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Nature. 2000 Jul 27;406(6794):399-404.

Mutation and sex in a competitive world.

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Centre for the Study of Evolution, The University of Sussex, Brighton, UK.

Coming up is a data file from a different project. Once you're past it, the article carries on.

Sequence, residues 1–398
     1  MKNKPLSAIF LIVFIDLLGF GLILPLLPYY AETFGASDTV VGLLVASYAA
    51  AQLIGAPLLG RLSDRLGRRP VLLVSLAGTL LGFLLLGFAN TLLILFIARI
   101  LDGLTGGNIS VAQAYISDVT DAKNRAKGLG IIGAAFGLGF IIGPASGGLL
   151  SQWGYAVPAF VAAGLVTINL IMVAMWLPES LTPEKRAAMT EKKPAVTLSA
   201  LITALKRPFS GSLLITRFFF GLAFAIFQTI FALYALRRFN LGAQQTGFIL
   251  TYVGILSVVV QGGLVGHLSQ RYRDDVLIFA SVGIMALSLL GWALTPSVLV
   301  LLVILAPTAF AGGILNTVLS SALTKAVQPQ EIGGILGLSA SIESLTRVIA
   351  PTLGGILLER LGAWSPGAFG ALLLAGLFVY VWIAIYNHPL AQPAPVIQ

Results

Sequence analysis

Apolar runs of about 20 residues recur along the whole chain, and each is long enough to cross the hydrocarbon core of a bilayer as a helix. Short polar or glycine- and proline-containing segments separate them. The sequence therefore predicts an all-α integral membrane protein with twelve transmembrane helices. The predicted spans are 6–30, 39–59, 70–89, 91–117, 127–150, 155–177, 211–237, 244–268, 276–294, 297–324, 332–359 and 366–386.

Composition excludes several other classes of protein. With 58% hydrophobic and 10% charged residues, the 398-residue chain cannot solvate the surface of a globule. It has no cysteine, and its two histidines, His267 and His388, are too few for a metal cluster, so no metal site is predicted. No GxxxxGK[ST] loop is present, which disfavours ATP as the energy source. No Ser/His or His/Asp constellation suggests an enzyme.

How do deleterious mutations interact to affect fitness? The answer to this question has substantial implications for a variety of important problems in population biology, including the evolution of sex, the rate of adaptation and the conservation of small populations. Here we analyse a mathematical model of competition for food in which deleterious mutations affect competitive ability. We show that, if individuals usually compete in small groups, then competition can easily lead to a type of genetic interaction known as synergistic epistasis. This means that a deleterious mutation is most damaging in a genome that already has many other deleterious mutations. We also show that competition in small groups can produce a large advantage for sexual populations, both in mean fitness and in ability to resist invasion by asexual lineages. One implication of our findings is that experimental efforts to demonstrate synergistic epistasis may not succeed unless the experiments are redesigned to make them much more naturalistic.

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